Posted by: Patricia Salkin | October 21, 2019

Fed. Dist. Court in NV Holds Younger Abstention was Proper in Commercial Kennel Use Case

This post was authored by Matthew Loeser, Esq.

Plaintiff, a professional dog breeder doing business as Est-Alfa K-9 Security Services, LLC, purchased real property for purposes of commercial kennel use. In 2007, the Nye County Board of Commissioners adopted Bill No. 2007-13, Nye County Ordinance No. 346, which amended zoning regulations applicable to the property by adding regulations and amendments regarding animal related uses and definitions. Nye County Code (“NCC”) 17.04.220 allowed commercial kennel use on real property located in Plaintiff’s zoning district with the approval of a conditional use permit. In 2009, Plaintiff submitted a CUP application for a commercial kennel use with up to 30 dogs to be maintained on the property, which was approved in 2010. In 2015, Plaintiff requested modification of its CUP application to allow a commercial kennel use with up to 150 dogs, which was denied. Plaintiff appealed the modification denial, but his appeal was likewise denied in 2017.

In 2018, Plaintiff filed the underlying Complaint against Defendants asserting two claims for damages and declaratory judgment pursuant to 42 U.S.C. §§ 1983. Following this, Nye County filed suit against Plaintiff in Nevada state court to enforce the Enforcement Order, seeking an injunction enjoining and restraining Plaintiff from a commercial kennel use on the property and removal of the same. In this case, Defendants moved for dismissal or stay of this action pending the resolution of the Enforcement Action pursuant to Younger abstention, and Plaintiff requested the court retain jurisdiction of this action pursuant to the “first-to-file” rule.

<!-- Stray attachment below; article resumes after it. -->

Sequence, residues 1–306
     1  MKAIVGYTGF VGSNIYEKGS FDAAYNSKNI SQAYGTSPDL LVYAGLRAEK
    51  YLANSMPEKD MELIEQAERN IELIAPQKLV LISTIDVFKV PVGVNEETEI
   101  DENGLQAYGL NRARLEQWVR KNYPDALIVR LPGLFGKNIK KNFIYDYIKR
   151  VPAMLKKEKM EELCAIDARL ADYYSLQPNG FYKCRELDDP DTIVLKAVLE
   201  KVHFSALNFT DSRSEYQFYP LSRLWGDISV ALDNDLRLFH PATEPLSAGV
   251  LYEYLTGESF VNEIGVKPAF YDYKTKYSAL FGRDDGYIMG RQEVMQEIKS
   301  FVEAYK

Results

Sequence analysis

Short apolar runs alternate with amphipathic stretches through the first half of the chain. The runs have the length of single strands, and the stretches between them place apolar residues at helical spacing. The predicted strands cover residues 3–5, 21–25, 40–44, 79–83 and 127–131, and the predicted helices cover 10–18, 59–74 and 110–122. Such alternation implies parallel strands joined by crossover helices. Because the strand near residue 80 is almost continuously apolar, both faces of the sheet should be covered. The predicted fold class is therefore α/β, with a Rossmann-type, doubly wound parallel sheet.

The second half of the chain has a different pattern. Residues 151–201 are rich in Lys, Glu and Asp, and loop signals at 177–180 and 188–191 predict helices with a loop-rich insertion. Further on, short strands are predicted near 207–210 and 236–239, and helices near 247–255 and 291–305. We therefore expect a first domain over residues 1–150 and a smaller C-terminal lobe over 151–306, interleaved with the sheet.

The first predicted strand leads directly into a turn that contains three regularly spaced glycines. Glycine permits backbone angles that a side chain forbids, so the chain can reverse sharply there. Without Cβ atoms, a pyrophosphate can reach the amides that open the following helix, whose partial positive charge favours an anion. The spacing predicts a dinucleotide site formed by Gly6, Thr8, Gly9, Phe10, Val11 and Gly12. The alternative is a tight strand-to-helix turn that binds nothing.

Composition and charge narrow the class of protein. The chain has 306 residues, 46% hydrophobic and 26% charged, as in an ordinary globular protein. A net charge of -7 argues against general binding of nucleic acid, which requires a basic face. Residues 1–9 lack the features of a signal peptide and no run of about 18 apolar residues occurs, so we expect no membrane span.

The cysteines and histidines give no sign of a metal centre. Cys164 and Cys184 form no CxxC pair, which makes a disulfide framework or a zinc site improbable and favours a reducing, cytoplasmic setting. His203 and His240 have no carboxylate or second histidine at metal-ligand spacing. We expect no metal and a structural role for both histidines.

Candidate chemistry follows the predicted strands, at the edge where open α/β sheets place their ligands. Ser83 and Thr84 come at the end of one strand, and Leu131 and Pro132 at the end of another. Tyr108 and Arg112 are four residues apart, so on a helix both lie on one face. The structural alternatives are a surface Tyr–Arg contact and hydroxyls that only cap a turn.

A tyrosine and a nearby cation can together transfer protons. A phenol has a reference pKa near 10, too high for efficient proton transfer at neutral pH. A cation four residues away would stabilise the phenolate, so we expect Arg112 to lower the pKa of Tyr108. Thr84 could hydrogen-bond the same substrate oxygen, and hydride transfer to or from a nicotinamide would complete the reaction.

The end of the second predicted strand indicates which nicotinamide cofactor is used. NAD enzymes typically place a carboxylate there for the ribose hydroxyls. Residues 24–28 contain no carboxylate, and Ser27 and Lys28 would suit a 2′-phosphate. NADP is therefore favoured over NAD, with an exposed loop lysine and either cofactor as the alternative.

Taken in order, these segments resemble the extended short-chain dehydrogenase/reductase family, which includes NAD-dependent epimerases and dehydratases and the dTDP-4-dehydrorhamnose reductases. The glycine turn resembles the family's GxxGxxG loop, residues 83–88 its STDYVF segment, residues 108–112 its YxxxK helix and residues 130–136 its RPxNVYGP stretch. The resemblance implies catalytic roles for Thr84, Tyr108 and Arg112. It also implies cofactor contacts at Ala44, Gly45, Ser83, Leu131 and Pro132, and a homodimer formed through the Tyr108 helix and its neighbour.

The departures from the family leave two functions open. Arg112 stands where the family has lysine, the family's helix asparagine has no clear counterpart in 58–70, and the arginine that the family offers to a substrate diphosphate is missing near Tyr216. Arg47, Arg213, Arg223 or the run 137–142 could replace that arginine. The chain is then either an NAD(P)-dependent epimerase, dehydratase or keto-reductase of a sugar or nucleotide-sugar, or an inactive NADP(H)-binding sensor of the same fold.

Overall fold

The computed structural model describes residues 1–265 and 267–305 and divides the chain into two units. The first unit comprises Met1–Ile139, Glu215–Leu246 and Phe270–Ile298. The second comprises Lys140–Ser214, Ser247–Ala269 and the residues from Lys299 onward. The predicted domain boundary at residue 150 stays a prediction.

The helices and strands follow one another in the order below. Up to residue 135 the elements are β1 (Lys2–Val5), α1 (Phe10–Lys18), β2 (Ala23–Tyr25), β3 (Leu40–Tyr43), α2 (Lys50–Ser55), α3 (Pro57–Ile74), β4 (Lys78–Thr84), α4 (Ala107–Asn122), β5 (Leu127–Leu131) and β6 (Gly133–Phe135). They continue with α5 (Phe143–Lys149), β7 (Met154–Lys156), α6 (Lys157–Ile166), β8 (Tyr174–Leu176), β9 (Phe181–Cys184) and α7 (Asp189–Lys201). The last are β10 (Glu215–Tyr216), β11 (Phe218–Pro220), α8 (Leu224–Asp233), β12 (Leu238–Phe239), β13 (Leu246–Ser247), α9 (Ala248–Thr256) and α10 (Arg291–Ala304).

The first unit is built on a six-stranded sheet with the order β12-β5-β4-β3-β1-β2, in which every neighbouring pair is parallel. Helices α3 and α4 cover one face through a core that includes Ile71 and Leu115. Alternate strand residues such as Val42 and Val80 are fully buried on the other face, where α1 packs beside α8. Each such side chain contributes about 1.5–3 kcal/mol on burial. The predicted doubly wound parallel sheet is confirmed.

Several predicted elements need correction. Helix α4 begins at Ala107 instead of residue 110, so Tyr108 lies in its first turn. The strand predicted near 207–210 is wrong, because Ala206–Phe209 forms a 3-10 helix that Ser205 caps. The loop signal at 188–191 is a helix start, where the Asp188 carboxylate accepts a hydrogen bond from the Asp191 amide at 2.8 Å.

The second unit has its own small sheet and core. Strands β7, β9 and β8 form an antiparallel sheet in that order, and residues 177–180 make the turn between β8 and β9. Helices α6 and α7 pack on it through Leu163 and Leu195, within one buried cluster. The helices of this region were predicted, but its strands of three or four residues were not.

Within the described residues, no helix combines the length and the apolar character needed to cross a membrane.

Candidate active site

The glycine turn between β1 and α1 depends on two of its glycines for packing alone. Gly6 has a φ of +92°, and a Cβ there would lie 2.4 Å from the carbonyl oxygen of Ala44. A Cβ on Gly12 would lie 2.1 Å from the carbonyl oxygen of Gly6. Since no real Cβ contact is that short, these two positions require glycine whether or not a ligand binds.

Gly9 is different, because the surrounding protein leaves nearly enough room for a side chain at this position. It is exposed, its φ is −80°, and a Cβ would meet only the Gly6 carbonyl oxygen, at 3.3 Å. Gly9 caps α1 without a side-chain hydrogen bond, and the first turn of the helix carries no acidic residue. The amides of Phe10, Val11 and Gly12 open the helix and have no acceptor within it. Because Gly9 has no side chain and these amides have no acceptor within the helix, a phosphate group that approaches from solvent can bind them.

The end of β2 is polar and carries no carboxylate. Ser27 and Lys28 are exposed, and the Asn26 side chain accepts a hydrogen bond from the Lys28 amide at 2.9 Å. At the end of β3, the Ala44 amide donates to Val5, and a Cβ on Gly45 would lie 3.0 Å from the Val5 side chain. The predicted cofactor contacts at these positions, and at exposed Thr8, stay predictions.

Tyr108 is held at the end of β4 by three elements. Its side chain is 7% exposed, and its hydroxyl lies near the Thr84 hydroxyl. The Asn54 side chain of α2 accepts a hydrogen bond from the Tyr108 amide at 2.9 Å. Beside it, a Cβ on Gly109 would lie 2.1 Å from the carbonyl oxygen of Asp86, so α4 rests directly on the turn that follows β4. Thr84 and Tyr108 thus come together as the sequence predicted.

At the outset, the court noted that  “when two cases involving the same parties and issues are filed in two federal districts, the first-to-file rule permits the second district to exercise its discretion to transfer, stay, or dismiss the second suit in the interests of efficiency and judicial economy.” Here, however, the two cases were not filed in two federal districts; nor was this court in the second district. Accordingly, the court held the first-to-file rule was inapplicable to this case.

Instead, the court found that this matter fit within the Younger doctrine, as the Enforcement Action was an ongoing state-initiated proceeding that implicated important state interests, and Plaintiff was not barred from litigating federal constitutional issues in the state proceedings. Additionally, Plaintiff’s requested relief—for damages and a declaration that Ordinance 346 is void as violating his procedural due process rights—would have the practical effect of enjoining the state court proceeding. Thus, the court held the interests of comity and federalism applied, and that Younger abstention was proper. Accordingly, the court granted Defendants’ Motion, and dismissed Plaintiff’s Complaint without prejudice.

Platunov v Nye County, 2019 WL 4781842 (D NV 9/30/2019)

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